The amount of food your dog needs per day depends on their age, activity levels and body type; these factors are more important than breed. Look to the back of dog food packaging for feeding guidelines which will recommend daily portions depending on age (growing or adult) and weight (bearing in mind that male dogs are generally a bit heavier than females of the same breed). It is even sometimes recommended to go slightly below the amounts indicated to stop your dog from putting on weight – manufacturers have been known to be generous with portion sizes to make you empty the packet a bit quicker!
Now let's take a quick look at the shape and size of different dry dog foods. Supposedly designed for an easier bite for certain types of dogs (e.g. a wave shape for boxers) or to be the right size for your dog's mouth (small kibble for smaller dogs and larger kibble for big dogs), some manufacturers even go so far as to offer breed-specific dry dog food. In reality, the ingredients of these foods are generally pretty close to generic foods but the vitamin or iron content will vary slightly.
Quick tip: the daily serving size of dry dog food will vary according to ingredients. For example, you will need to feed more of a food with a high cereal content than you would a grain-free option.
That said, a highly active dog will need a higher calorie intake than a couch potato. This is why it's important to adjust portion size according to dog age and habits. Remember to bring this up at your yearly vet check-up.
How to calculate the protein content of dry dog food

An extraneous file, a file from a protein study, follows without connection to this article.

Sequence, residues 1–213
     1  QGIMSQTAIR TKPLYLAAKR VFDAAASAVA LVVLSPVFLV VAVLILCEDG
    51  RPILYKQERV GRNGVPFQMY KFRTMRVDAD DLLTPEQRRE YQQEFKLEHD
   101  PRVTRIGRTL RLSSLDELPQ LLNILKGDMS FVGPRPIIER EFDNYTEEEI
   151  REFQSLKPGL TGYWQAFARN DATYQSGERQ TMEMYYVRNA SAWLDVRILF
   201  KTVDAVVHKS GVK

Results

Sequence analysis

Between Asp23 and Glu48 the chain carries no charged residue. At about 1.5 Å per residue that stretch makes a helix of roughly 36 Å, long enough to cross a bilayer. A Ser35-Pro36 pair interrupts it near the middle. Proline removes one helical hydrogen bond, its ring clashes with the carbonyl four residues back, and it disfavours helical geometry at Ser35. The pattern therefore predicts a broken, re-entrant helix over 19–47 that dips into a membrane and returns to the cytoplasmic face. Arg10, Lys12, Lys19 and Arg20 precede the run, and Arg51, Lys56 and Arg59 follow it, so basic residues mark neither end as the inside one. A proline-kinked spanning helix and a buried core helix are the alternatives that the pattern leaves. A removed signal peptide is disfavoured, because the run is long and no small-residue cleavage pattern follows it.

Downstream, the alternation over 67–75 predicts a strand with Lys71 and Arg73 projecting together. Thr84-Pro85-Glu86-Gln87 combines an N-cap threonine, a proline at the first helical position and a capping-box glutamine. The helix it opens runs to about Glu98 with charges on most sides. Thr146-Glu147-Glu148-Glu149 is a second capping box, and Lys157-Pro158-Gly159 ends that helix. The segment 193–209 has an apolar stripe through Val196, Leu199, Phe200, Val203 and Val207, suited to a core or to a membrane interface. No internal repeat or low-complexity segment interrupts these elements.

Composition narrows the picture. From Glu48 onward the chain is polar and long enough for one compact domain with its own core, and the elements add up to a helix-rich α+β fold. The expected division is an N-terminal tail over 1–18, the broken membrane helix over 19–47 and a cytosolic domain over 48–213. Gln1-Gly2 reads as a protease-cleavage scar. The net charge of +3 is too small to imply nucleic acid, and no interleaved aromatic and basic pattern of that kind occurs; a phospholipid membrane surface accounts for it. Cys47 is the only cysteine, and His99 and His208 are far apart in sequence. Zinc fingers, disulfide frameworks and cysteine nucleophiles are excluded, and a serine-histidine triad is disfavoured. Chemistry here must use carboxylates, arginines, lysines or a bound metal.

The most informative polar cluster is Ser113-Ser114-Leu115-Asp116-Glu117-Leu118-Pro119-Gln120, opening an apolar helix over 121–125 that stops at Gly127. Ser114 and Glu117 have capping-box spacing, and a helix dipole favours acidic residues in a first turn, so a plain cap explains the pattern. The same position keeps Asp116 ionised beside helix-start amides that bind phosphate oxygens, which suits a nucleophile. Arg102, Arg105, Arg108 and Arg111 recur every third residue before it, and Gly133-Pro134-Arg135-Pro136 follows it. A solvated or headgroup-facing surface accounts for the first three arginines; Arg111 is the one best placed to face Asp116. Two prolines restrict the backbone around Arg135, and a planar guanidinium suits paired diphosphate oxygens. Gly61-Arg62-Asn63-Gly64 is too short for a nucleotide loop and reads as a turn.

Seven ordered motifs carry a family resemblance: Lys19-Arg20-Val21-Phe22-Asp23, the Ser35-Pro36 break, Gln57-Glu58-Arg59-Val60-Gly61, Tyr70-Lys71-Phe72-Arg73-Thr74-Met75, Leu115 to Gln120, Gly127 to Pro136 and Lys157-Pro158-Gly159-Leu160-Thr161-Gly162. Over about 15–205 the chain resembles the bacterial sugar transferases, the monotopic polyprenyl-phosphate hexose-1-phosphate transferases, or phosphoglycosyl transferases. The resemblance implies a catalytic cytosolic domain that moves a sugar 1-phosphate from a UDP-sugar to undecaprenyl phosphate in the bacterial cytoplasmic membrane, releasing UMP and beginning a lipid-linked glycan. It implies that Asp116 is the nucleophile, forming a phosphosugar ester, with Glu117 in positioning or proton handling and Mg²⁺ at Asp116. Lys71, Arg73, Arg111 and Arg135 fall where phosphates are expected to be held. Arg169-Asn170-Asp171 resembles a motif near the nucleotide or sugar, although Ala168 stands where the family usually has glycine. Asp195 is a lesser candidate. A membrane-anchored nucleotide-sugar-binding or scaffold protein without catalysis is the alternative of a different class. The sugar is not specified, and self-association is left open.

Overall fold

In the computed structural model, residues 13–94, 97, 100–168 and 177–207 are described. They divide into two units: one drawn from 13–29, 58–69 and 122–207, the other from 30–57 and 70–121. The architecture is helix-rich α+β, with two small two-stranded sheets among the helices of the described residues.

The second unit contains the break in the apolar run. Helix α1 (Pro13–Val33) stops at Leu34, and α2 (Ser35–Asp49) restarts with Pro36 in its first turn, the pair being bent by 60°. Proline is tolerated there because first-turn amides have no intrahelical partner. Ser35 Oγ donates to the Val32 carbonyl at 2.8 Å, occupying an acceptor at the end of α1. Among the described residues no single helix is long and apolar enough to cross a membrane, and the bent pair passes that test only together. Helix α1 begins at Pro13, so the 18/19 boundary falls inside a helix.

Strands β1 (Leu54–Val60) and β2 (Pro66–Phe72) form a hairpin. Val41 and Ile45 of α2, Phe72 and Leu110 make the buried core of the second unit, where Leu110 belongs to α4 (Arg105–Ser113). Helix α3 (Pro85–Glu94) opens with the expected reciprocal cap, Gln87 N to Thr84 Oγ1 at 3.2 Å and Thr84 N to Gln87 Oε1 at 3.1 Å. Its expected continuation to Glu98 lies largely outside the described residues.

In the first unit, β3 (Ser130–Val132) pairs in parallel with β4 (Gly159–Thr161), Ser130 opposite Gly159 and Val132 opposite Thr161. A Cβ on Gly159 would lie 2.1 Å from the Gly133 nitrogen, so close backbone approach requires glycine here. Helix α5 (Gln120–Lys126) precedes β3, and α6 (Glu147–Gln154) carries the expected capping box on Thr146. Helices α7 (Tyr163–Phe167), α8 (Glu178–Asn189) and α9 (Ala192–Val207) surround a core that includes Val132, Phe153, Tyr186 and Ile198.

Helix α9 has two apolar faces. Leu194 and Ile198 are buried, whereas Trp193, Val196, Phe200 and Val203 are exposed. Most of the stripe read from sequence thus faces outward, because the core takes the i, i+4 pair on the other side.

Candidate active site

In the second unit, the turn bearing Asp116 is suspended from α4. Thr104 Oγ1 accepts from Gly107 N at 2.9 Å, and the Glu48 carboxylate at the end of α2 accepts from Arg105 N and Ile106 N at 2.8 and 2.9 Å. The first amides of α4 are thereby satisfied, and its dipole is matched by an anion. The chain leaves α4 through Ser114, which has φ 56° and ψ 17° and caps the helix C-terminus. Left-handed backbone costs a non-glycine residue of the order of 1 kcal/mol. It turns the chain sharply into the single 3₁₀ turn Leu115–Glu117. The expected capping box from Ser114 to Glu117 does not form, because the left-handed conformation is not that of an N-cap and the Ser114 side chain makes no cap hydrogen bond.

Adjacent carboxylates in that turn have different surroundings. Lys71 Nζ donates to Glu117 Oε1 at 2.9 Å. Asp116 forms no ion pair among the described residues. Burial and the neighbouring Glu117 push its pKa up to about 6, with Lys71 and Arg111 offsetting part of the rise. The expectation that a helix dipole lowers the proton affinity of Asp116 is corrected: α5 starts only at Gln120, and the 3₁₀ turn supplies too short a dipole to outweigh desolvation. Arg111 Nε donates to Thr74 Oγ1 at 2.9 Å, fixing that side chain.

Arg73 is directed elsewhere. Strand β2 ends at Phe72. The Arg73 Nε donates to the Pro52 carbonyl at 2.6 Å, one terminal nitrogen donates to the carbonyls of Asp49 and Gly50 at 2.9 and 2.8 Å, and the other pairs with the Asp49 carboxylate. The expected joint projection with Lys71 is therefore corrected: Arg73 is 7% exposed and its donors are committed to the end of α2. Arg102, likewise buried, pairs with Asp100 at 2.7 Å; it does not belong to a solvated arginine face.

Protein content can be calculated using a protein to calorie ratio. A minimum of 75 g of protein per 1,000 calories is generally recommended.
The amount of protein required by your dog must match the amount provided by the food.
This all depends on the ideal weight range of your dog and their energy requirements based on activity level, whether or not they are neutered or spayed and, sometimes, their breed (some naturally have lower metabolic rates).
If the protein content is too low, there is a risk of muscle or general weight loss. On the other hand, a very high protein content will cause a dog to put on weight. This is particularly common among labradors who have a tendency to be overweight.
For more information, consult your vet.
How to feed a dog with specific dietary requirements
Spayed or neutered dogs
After being spayed or neutered, a dog will require around 20 to 30% fewer calories than before. If food intake is not reduced, you may put your dog at risk of several health issues. An overweight dog may suffer from the following: